Midori is one of those people who are so famous they don’t need a last name, like Madonna or Ronaldinho. So it was a major coup when the Alexandria Symphony Orchestra, an otherwise low-profile regional ensemble, snagged the superstar violinist for a pair of performances this weekend at Schlesinger Concert Hall on the Alexandria campus of Northern Virginia Community College.

Granted, Midori’s own profile has faded a bit since her child prodigy days. As a teenager, she caused jaws to drop at her Tanglewood and Carnegie Hall debuts. But that was two decades ago, and the pressures of adolescent stardom took a toll. A sudden cancellation of all concerts and hiatus in the ’90s sparked rumors of a mental breakdown brought on by too much tiger-mommying; it was, in fact, a medical emergency brought on by anorexia. She recovered, remaking herself as a performer-educator with a teaching post at USC, dedicated to cultivating other young musicians in, one imagines, a healthier manner than what she experienced.

So at first glance, Midori’s week-long residency with the ASO has the appearance of a David Justice-Oakland A’s kind of arrangement. Yet she still can, and does, play bigger gigs with bigger orchestras—-her last performance in D.C., in December, was with the National Symphony Orchestra at the Kennedy Center. Turns out this is part of Midori’s long-running “Orchestra Residencies Program,” in which she selects two regional orchestras each year (the other one this year is Oregon’s Eugene Symphony) to visit, in partnership with local public schools. Over the course of the past week, she split her time between rehearsals with the ASO and visits to T.C. Williams, Wakefield, Washington-Lee and Yorktown high schools, leading master classes and workshops with music students.

Some of those students got to share the stage with ASO players for one piece, though not with Midori herself. ASO director Kim Allen Kluge had written a new composition for the occasion, a tribute to the victims of the 2011 Japan earthquake and tsunami. But Midori, presumably overcommitted, punted. Instead, she had one of her USC doctoral students perform the debut, a violinist who goes by Moni—-who is actually a white guy (real name Simeon Simeonov), though on Sunday he was wearing one of those Chinese tunics Steven Seagal likes to wear when he’s pretending to be Asian. The composition, titled “Meibuki,” is gentle and pretty, tracing a melodic arc from mourning to post-disaster reconstruction. Moni played it cleanly, handling relatively few technical demands except for one section played entirely in harmonics.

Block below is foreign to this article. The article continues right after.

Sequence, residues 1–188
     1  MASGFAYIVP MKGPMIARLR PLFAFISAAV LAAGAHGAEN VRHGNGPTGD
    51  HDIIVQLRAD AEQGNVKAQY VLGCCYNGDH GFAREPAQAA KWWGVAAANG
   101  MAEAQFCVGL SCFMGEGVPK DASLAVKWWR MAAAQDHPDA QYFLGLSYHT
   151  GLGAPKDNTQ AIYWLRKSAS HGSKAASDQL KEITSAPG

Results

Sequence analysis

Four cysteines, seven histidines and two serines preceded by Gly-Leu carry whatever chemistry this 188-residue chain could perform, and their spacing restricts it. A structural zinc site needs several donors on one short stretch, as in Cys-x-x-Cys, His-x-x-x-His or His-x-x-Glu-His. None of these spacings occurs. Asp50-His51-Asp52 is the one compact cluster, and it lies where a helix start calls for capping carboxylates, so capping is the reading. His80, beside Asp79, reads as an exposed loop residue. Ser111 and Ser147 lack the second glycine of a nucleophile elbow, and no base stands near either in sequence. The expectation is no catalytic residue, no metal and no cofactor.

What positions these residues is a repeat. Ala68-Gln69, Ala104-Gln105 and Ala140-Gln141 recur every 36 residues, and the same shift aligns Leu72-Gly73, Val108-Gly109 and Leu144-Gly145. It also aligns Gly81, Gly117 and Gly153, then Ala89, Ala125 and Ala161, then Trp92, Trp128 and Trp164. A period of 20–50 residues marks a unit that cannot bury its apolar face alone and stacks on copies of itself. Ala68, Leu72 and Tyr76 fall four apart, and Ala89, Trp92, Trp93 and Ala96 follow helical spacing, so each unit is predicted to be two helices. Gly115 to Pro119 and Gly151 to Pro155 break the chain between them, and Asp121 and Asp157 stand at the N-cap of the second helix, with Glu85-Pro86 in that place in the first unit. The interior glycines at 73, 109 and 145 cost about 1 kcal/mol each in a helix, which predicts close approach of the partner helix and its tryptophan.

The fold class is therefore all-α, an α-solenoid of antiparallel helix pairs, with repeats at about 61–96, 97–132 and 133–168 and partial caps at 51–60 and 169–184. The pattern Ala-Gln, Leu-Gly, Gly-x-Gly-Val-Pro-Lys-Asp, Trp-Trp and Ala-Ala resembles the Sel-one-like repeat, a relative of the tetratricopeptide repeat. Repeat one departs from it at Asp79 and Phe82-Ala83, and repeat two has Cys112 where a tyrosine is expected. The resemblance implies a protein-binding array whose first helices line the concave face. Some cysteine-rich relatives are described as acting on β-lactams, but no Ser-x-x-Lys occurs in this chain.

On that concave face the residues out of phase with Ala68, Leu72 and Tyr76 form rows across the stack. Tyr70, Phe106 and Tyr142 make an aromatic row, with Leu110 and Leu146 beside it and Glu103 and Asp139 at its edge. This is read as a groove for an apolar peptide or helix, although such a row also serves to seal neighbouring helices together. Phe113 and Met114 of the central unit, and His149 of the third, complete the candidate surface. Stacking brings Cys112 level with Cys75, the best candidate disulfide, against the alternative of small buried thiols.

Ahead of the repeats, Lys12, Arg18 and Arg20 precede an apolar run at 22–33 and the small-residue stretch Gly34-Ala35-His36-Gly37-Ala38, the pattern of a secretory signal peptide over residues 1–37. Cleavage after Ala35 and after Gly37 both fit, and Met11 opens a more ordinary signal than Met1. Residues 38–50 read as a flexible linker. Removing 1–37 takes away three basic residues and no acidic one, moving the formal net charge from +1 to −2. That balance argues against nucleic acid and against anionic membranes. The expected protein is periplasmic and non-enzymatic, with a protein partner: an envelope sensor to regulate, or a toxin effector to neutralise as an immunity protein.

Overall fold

But it was Midori who had drawn D.C.’s classical fans out to the ‘burbs for two sold-out shows, and she was predictably wonderful. Her solo piece, Mendelssohn’s “Violin Concerto in E Minor,” is surely one of the most beautiful  works ever written for the violin. Most had probably heard it multiple times, but in Midori’s hands it was memorably her own. She took it at her own tempo, lingering on some notes that suited her and rushing past others that didn’t. It wasn’t flawless, nor totally integrated with the orchestra—-at times she was too understated, and it was almost by happenstance whenever they matched. But the final product was gripping, airing the full emotional range of a fellow former child prodigy’s master work.

Stravinsky’s Firebird Suite opened the program. The ASO delivered it with verve that at times lacked precision but made up for it in thrills, with a standout job by the woodwinds. Midori and Moni returned for an encore duet, Leclair’s “Sonata number 5 for two violins.”

NOVA Community College won’t be graced with this kind of talent again for some time. For the ASO and high school musicians in Alexandria and Arlington, this was the equivalent of winning the Mega Millions, a onetime experience that was a pleasure to witness.